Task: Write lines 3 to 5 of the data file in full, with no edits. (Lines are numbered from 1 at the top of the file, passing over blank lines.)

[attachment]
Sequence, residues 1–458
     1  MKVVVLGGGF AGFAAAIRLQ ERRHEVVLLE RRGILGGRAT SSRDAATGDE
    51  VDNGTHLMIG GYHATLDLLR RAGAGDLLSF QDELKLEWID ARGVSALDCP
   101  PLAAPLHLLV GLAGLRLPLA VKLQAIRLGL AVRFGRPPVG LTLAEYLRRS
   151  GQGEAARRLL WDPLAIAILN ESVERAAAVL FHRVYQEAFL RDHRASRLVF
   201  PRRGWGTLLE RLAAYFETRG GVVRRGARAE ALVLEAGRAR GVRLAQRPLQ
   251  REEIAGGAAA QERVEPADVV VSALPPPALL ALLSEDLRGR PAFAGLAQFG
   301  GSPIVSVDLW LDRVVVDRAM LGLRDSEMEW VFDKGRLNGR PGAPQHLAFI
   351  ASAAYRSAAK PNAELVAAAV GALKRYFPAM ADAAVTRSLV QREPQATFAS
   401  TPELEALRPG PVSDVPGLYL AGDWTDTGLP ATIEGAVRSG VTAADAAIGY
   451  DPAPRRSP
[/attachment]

    51  VDNGTHLMIG GYHATLDLLR RAGAGDLLSF QDELKLEWID ARGVSALDCP
   101  PLAAPLHLLV GLAGLRLPLA VKLQAIRLGL AVRFGRPPVG LTLAEYLRRS
   151  GQGEAARRLL WDPLAIAILN ESVERAAAVL FHRVYQEAFL RDHRASRLVF